A not-so-complimentary NY Times hands-on review of the AARP RealPad.
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Tech support comes of age
Facebook friends are fine, but devices rule. Yesterday’s Facebook hullabaloo should be placed in a larger context – not only do they not make a physical product, but your Friends beam at you through a gazillion different and ever-more-mobile devices. Forget Facebook for a second, because it might be just today’s pet rock front end. Let’s mull over those gazillion different devices. Just who will support you, regardless of your age and how tech smart you think you are, as they multiply in your environment like weeds? Who helps you with making these devices work properly with other tablets, computers, and cloud and installed software? The Genius at the bar is a bit vendor-specific, don’t you think? And the IT folks that you know are busy battling enterprise-wide viruses, and there you are at home and on the phone, with your relatives of all ages as they peer helplessly at glowing screens, plaintively intoning that old refrain, “But it worked yesterday!”
Personalized consultation is a national business opportunity. Bet you’ve been wondering what Best Buy was going to do with its shrinking revenue, dwindling store locations, and the cannibalization of face-to-face retail by Amazon. The Geek Squad has been a shining light of their business – growing on the well-founded premise that technology change (TVs, computers, networks and how they connect) is too fast and too complex for, well, nearly everyone. AARP, which is in the discount business, has recognized its members' desperation for tech help – producing a guide in 2010, quite a bit of content on its website, from Facebook how-to advice to articles about caregiving tech. Now AARP and the Geek Squad have partnered to customize and discount by 29% the Geek Squad offering – on phone and in-person -- for the 50+ population, many of whom are local or long-distance caregivers. “For baby boomers experiencing caregiving, technology plays a huge role,” says Lynn Feinberg, senior strategic policy advisor at AARP. “This is a generation that is tech savvy and not afraid to use that knowledge. They will transform the use of technology for caregiving.”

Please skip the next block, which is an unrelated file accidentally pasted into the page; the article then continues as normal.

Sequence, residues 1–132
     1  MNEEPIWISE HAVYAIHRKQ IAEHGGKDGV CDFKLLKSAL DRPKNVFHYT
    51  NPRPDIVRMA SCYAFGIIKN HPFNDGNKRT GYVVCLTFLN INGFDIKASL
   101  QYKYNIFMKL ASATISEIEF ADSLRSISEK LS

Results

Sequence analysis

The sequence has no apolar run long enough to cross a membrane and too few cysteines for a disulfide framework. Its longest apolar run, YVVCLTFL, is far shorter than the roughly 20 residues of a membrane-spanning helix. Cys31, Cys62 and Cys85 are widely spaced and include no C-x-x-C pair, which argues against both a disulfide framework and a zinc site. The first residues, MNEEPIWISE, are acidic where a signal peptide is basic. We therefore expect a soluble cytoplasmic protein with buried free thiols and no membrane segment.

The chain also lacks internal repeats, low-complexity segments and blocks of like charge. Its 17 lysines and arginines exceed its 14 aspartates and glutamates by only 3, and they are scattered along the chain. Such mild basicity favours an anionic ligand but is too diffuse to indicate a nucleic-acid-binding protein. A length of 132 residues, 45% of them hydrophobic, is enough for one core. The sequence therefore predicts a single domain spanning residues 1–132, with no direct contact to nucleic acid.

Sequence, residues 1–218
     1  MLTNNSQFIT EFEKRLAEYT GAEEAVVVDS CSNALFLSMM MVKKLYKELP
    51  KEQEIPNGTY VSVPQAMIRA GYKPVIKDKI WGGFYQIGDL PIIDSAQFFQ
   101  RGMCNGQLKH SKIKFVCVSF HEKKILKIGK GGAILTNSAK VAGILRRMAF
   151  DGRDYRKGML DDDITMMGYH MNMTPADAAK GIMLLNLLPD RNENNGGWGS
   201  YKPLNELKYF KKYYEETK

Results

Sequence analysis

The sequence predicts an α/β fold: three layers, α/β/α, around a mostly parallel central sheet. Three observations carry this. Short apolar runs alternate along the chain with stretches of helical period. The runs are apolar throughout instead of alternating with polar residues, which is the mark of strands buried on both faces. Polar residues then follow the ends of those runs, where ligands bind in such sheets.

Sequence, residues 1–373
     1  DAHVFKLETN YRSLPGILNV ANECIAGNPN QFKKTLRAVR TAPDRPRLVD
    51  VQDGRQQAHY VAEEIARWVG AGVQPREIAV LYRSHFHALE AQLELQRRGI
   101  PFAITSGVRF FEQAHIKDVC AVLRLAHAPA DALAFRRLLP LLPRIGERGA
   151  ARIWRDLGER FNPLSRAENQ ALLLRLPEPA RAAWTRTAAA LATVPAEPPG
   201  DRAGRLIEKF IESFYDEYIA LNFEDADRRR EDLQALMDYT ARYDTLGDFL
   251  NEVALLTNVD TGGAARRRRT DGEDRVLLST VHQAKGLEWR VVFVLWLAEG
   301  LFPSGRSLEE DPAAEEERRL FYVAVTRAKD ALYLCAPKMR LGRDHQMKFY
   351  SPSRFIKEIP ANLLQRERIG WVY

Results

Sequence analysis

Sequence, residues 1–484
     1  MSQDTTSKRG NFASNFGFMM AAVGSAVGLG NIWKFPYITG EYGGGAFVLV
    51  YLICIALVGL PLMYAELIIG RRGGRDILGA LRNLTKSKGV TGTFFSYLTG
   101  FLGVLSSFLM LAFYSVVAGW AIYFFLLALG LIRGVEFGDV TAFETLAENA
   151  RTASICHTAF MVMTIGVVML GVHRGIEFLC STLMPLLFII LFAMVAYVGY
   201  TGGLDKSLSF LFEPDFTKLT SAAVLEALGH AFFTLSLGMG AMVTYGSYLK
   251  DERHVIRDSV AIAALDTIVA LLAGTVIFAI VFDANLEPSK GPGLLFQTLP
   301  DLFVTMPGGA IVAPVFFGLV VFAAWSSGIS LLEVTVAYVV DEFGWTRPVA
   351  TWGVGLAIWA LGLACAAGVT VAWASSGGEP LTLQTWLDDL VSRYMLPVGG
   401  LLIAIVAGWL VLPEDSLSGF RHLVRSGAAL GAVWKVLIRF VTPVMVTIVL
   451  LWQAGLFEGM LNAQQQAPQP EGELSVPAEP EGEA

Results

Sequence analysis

Personalized consultation is also a local business opportunity. The Geek Squad offering reinforced the business opportunity throughout the country for big competitors (Walmart, Staples) as well as regional small businesses to provide local in-home tech troubleshooting and support. But beyond generalized support, some local tech businesses will go farther and specialize in sub-categories that would baffle a Best Buy geek. Consider Joe MacAdams, his caregiver technology support startup written up in the Miami Herald “offering phone and in-person consultation. Good assistive technology, he says, is easy to use, sells at a fair price and can solve problems, from stopping a dementia patient from wandering away to helping a caregiver keep track of medical appointments.”
Tech support will provide both generalist and specialized growth opportunities. The zip-code specific geek generalist is a steady business for as long as (i.e. forever) the bewildered battle mandatory upgrades and forced obsolescence. In addition to general geekdom, specialty tech services will be a growth market in a down economy -- serving older adults, caregivers and families, residents of senior housing, and home care service providers and their clients. As the history of IT software specialization validated, expertise about the customer matters for sales, but expertise in supporting the customer (as in the AARP-Best Buy example) cements relationships long-term.